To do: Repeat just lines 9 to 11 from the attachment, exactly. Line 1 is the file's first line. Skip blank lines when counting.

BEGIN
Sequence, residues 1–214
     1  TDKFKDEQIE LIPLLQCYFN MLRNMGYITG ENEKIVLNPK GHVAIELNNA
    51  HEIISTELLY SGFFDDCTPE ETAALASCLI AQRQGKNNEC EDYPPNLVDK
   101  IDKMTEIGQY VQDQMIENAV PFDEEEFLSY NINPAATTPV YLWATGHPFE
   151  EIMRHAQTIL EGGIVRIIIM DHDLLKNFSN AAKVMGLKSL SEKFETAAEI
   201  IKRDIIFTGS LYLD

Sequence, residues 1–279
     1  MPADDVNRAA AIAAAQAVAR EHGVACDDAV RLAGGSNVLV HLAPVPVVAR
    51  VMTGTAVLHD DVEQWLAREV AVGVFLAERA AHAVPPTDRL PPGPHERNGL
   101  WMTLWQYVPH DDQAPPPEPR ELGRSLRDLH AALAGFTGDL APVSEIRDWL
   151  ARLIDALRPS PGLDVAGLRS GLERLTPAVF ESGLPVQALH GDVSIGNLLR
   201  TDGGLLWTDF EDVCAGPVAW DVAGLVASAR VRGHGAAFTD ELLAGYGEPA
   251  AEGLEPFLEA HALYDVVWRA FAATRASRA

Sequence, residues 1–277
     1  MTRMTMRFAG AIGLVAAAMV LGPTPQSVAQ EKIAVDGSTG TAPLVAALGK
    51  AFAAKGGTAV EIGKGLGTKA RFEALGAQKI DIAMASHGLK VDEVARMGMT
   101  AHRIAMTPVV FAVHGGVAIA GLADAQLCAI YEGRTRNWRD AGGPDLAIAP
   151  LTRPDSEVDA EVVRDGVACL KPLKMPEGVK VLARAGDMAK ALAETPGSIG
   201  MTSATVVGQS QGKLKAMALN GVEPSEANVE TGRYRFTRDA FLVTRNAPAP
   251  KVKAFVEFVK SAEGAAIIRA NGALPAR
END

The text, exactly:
    51  VMTGTAVLHD DVEQWLAREV AVGVFLAERA AHAVPPTDRL PPGPHERNGL
   101  WMTLWQYVPH DDQAPPPEPR ELGRSLRDLH AALAGFTGDL APVSEIRDWL
   151  ARLIDALRPS PGLDVAGLRS GLERLTPAVF ESGLPVQALH GDVSIGNLLR